By: Magdalena Rogers
Recently a survey went out to Hamden students, parents, and educators about potentially changing the school start times for Hamden High School, Hamden Middle School, and Hamden elementary schools. This proposed change was due to a lack of funding for buses. The survey asks if you would rather have the high school hours be 7:30am-1:59pm, the middle school hours be 8:00am-2:34pm, and the elementary school hours be 8:35am-3:24pm, or have all of the schools start ten minutes earlier. This is a seemingly small change;, however, it raises the question, should our schools really be starting at these times?
A couple months back I wrote an article on the importance of sleep in teenagers, and how lacking sleep schedules can negatively impact us. I created a mock schedule of a high school aged student and explained how it was unrealistic to have a healthy sleep schedule with the amount of work and commitments students have, and as one may guess, the early high school start time does not help this issue. According to kidshealth.org, teenagers and adults naturally go to sleep later and wake up earlier than adolescents because of the time of day that melatonin, a sleep hormone, is released in the body. Based on that information, one could assume that as students age, their schools would start later. It’s quite the opposite.
So, why not start high school later, and elementary school earlier? Strictly speaking of elementary schools, earlier start times means parents can get young children off to school earlier and parents have more time to get to work. High schoolers get to sleep a bit more, and rush less in the morning, which can lead to decreased stress levels. It all seems great, parents get to work, kids are at school, and high schoolers get an extra hour of sleep. However, a large problem lies in the dismissal times. Starting school later naturally means having a much later dismissal. This can impact out of school activities, especially in high schoolers who have a job or after school sports, and it requires parents to find early afternoon childcare for their young children.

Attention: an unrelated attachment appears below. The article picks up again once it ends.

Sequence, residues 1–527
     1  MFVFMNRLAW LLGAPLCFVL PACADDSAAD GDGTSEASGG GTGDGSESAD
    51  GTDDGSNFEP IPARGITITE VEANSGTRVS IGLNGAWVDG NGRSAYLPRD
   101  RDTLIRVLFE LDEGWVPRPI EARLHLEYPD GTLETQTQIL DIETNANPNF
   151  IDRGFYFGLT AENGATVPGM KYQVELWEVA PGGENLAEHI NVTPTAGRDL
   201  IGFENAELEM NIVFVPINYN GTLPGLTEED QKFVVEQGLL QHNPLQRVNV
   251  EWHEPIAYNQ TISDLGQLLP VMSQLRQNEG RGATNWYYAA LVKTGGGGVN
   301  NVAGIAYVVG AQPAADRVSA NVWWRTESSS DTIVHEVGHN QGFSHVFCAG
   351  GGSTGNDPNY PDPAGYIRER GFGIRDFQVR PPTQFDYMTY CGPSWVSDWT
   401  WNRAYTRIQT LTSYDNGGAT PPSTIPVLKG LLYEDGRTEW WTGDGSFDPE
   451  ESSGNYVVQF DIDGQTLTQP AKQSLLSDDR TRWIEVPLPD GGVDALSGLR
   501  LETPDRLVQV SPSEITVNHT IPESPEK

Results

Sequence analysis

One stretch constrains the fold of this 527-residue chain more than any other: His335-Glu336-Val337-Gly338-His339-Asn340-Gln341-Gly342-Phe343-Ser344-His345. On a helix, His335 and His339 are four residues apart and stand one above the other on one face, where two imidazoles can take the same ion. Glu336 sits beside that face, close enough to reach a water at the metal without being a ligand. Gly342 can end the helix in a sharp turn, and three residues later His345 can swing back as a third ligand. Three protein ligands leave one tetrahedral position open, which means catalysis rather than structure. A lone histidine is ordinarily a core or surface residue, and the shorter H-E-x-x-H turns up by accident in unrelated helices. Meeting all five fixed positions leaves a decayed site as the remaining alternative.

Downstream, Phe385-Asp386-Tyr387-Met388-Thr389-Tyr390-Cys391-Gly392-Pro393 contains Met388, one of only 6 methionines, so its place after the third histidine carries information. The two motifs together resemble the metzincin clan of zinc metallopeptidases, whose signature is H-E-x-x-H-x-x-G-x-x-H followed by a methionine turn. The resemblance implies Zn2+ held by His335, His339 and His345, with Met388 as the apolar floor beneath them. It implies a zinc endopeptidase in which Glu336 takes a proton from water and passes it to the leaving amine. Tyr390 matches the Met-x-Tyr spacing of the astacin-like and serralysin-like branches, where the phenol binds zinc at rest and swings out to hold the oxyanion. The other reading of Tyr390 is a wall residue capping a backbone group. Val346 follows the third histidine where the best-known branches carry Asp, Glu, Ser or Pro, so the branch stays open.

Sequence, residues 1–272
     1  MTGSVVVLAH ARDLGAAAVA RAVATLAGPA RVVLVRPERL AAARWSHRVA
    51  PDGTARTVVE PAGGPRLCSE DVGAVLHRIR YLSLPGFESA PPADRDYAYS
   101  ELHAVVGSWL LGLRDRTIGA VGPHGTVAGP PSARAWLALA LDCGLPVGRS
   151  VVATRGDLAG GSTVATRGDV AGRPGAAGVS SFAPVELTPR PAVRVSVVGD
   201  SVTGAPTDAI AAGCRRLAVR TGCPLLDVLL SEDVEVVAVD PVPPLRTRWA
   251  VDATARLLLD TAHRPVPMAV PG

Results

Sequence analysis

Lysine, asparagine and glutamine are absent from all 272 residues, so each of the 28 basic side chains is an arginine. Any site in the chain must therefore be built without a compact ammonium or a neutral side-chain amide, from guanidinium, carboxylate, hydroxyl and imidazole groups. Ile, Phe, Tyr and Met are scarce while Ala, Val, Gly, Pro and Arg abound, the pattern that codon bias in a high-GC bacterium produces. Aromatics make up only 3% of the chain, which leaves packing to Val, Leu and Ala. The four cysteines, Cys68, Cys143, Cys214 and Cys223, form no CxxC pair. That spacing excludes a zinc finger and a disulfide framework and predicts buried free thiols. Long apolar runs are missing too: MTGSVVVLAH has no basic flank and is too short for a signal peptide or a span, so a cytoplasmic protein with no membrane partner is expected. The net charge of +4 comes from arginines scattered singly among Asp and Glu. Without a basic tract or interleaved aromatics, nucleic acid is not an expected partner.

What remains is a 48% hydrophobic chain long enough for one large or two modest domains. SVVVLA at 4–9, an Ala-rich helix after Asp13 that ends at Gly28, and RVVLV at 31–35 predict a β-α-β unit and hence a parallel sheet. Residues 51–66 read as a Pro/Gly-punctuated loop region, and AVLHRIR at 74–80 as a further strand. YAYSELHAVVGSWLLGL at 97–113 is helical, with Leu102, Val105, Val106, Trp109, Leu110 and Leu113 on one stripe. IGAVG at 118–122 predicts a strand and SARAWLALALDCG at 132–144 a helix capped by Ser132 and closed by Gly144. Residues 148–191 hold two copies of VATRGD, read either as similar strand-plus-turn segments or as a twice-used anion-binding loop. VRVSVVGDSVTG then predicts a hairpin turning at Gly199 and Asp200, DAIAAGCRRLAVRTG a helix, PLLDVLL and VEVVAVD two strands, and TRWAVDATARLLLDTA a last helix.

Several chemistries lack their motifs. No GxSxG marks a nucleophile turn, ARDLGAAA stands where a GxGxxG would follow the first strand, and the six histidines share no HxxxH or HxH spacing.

This brings us to our conclusion. Is Hamden going to follow the science and have school hours better align with the natural rhythms of our bodies, or are they going to prioritize the option with the least scheduling and financial conflict? Well, unfortunately, the proposal of the earlier start times means that they’re going for the latter. The reality of the situation is, this idea of earlier start times stems from money, or more accurately a lack thereof. This change is a solution to a problem;, it’s not a change that was initiated because of student health reasons, so it is unlikely that it will be seriously taken into account when this issue is resolved. However, this begs one final question: Is the health of our students a true priority, or is it a superficial one? Anyone who walks around our school or talks to students on a daily basis can see that we are not getting enough sleep and are feeling the consequences. So why isn’t anyone doing anything about it?
If you have not yet taken the school start time survey, please do so now, as your opinion as students and educators especially matters in this issue! The survey is open until 10 AM on March 15th.